• Tanguero (feminine; Tanguera) - Refers to anyone who is deeply and seriously passionate about any part of tango, such as its history, music, lyrics, etc. In Argentina most tangueros are scholars of lunfardo, music, orchestrations, Gardel, etc. One can be a tanguero without being a milonguero and a milonguerowithout being a tanguero (very few milongueros would be referred to as tangueros). And of course, one can be an extremely good tango dancer without being either, such as stage dancers, who are quite disdained by real milongueros and tangueros, unless they go the extra distance and become milongueros by going to the milongas, and/or tangueros as well. An Aficionado. See Lunfardo, Milonguera, Milonguita, Bailarín, Aficionado, Compadre, Vareador, Compadrito, Grelas, Guapo, Portranca, Mina, Paicas, Pebeta, and Planchadoras.

• Teja (Weaving) - A variation of Cambio de Rumbo in Gold Vals.

• Tele Marca, ¼ Compas (Telemark, ¼ Beat) - A variation of Contra Vuelta in Gold Pecho. Lady will use the Heel turn technique.

• Tentáculos (Tentacles) - A variation of Enganche in Gold Tango.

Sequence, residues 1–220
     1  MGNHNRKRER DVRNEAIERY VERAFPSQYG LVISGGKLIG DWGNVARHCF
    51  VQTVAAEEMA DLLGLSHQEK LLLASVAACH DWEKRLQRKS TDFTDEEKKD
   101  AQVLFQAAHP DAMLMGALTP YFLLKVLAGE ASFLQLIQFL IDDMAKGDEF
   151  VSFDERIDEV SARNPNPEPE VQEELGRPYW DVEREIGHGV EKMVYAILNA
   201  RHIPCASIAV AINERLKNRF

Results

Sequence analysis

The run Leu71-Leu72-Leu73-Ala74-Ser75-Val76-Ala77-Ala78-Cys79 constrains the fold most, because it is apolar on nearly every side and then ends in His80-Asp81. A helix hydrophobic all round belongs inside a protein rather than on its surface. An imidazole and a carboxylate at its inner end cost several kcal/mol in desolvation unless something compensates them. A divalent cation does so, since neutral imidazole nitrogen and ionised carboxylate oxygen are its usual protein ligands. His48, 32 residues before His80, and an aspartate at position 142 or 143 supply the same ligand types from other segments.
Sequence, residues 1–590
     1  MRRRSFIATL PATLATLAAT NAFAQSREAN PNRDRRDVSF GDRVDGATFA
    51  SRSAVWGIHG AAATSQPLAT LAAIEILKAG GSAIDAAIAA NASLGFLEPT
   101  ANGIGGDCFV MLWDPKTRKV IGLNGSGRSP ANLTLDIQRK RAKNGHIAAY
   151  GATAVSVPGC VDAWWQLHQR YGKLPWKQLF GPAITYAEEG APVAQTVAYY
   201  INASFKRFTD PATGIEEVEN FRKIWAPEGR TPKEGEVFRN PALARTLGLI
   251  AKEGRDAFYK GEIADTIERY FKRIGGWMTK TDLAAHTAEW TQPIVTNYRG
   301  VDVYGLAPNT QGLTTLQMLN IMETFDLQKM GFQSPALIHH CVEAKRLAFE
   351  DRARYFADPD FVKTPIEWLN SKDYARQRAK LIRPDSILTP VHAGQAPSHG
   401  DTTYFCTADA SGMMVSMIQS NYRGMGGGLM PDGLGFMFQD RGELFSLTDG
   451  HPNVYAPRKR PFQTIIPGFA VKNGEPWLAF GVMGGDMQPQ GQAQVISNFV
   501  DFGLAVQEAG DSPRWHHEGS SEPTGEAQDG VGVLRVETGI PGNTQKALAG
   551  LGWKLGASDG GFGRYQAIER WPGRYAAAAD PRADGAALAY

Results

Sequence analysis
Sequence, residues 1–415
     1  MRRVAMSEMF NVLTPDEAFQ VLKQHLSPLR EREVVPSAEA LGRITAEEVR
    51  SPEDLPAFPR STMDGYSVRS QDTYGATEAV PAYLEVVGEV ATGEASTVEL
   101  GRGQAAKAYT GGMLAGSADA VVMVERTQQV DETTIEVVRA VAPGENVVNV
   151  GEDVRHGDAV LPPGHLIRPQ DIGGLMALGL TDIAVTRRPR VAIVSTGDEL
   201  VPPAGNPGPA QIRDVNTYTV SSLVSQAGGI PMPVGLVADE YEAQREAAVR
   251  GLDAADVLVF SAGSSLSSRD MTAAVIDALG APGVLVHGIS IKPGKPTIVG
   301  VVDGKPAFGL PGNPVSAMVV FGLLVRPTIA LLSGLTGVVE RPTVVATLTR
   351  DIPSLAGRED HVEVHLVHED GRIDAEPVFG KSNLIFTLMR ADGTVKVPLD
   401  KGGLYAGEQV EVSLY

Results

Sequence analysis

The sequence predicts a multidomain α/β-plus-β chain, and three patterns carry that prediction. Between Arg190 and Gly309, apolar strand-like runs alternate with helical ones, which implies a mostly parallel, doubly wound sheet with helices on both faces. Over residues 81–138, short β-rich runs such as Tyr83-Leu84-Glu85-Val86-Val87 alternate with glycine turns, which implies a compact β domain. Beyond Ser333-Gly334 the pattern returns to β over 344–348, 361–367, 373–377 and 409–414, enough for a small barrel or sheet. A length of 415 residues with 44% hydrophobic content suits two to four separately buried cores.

• Tijera (Scissors) - A variation of Cuatro Rodillas in Silver Milonga. A movement, usually danced by the man, in which an extended leg is withdrawn and crossed in front of the supporting leg without weight so that it remains free for the next step or movement. May also refer to a figure in which the man steps forward in outside position (left or right) caressing the outside of the woman’s leg with his leg (as in 3 of the 8-count basic), then crosses behind himself which pushes the woman’s leg to cross in front. May also refer to a jumping step from tango fantasia (stage tango) where the woman swings her legs up and over with the second leg going up as the first leg is coming down (frequently seen as an aerial entry to Sentadas).

• Tiovivo (Merry-Go-Round) - A variation of Giro Caminando in Silver Tango.

• Tirabuzón (Corkscrew) - A variation of Mordida in Silver Pecho.

• Tiradita (Toss Up) - A variation of Contra Giro Marchando in Silver Milonga.

• Titubeo (Stuttering) - A variation of Triates in Gold Vals. Hesitation. See Pausa.

• Tocada (Touched) - A variation of Vuelta in Gold Pecho. Right turn followed by a corte on back right foot as woman performs a pass over man’s left foot, then into parallel position with back step of left leg, and repeat as necessary.

• Toma (Taking) - A variation of Contra Arrastre in Silver Tango. Also called Tomada.

• Toque (Touch) - Short touch of the man's instep by the woman's foot. See also golpecitos. See Adorno, Amague, Caricias, Carpa, Castigada, Chiche, Conclusion, Contrapaso, Cuartas, Cuatro, Cucharita, Dibujo, Elevacion, Entrada, Fanfarron, Firulete, Frappé, Friccion, Gancho, Golpes, Latigo, Patada, Pausa, Picados, Punteo, Resolution, Ronde, Sacada, Salida, Saltito, Sandwiche, Sanguchito, Stork, Toque and Truco.

• Torcimiento (Twist Start) - A variation of Básica Cruzado in Silver Tango and Básico Académico in Silver Pecho.

• Tornillo